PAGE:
A Tale Of Two Camp Sites
Usually when we are seeking out an adventure of some sort, it is because we are searching for something. Maybe we are searching for rest or relaxation. Or perhaps we are trying to escape something from back home. Whatever it may be, if you have not been changed in the process of your adventure, you have missed the point entirely.
I still remember the look of complete confusion on my wife’s face when I shouted “Hey! Let’s go to Utah!”. You see, it was supposed to be “spring” in northern Minnesota, but the snow was still falling, and I was sick of it. My friend Travis, (who is an amazing photographer, and you should check out his work by clicking here) had just returned from Escalante, Utah with some beautiful shots. Utah looked stunning, and more importantly, it looked warm!
It took some convincing, but in a few days time we loaded the truck, said “see you later snow!” and took off for Utah.
I can’t recall who said it, but I remember once reading a quote stating that “sometimes we need to travel one thousand miles away from home in order to begin thinking clearly.” I think this is true. To be honest, I wasn’t entirely sure what I was hoping to get out of this trip, but I knew I had to get away from it all and experience something different and hopefully clear my mind a bit too.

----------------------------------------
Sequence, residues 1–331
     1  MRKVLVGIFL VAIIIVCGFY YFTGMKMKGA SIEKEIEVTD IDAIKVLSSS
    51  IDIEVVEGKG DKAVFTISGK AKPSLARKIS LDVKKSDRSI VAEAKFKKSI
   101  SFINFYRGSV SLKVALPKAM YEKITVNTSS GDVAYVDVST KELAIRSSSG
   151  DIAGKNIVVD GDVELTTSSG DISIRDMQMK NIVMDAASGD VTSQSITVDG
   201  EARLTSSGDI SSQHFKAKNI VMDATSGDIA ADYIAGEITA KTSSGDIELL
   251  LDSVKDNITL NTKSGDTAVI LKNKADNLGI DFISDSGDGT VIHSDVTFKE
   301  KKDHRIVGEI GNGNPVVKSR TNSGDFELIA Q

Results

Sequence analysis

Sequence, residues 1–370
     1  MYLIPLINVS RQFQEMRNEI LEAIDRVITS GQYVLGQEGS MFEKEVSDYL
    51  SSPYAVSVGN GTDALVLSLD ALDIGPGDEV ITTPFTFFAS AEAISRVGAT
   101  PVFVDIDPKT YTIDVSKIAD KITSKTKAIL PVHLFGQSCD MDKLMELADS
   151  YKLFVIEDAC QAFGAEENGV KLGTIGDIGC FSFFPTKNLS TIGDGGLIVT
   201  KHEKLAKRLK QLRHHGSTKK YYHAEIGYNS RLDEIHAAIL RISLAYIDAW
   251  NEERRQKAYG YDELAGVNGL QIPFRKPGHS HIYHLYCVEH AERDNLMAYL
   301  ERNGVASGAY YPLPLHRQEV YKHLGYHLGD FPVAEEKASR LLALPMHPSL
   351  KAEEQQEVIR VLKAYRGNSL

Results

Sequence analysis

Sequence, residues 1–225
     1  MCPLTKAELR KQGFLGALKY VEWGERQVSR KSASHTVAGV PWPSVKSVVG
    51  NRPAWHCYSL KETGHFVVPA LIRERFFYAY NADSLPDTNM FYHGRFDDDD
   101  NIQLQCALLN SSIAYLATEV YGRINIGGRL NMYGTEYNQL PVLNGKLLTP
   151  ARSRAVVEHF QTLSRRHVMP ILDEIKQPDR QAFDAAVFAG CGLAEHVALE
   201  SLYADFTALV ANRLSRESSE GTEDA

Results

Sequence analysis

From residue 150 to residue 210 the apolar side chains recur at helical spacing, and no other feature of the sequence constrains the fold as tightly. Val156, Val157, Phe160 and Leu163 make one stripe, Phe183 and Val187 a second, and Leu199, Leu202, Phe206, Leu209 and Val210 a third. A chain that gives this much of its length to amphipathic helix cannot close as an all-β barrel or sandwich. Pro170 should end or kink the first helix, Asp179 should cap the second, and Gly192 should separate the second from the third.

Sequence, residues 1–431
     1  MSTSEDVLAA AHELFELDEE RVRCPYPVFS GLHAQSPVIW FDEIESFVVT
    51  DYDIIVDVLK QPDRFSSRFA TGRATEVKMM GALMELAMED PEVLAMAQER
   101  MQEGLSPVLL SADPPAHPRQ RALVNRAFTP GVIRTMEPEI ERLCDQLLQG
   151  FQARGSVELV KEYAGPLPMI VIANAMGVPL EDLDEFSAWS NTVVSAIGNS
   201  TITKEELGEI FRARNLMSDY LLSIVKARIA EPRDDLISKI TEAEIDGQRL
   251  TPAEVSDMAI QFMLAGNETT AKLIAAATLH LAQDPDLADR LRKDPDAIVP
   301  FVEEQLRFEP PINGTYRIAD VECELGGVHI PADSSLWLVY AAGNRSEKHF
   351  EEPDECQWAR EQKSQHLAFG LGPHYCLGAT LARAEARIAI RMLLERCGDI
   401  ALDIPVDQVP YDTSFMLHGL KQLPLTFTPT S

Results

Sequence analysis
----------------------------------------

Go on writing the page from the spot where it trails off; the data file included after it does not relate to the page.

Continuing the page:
As we drove to Utah, it seemed like nothing was going as planned… After crossing through the mountains, we ended up spending the night in Grand Junction, Colorado because the rear brakes on the truck had gone out. After the truck was repaired, I awoke the next morning with a sickness and a sinking feeling in my chest. I have known this feeling all too well… strep throat.
We arrived in Moab later that day, and I was sick, on antibiotics, and we were unable to find a place to camp. Things were not going the same way in which I had seen them play out in my head… We went from the snowy Lake Superior shores of Northern Minnesota to record setting heat in Moab. I was indeed seeking a warmer climate on this trip, but 102 degree heat was not exactly the “warmer climate” I had imagined or hoped for.
(More things continued to go wrong, but that is not the point of this story and I will spare you any further details.)
I was devastated… All of this planning, preparing, time on the road, money spent on gas… and nothing seemed to be going as I had planned.
A few days into the trip, the strep throat diminished greatly. We eventually found a camping spot right along the Colorado River too. Things were beginning to improve.
I wanted rest. I wanted relaxation. I wanted to leave Utah inspired and full of life. I began to develop a very bitter attitude towards the circumstances of this adventure. On our final night in Utah I found myself alone by the fire ring. Staring up at the stars in awe and bewilderment. The heat had broken early that morning, and the warmth of the fire was perfect. The moon began to rise over the cayenne colored cliffs giving everything an erie and mysterious red glow. Between the quiet crackling of the campfire and the steady sloshing of waves along the banks of the river, I began to accidentally eves drop on the two nearby campsites.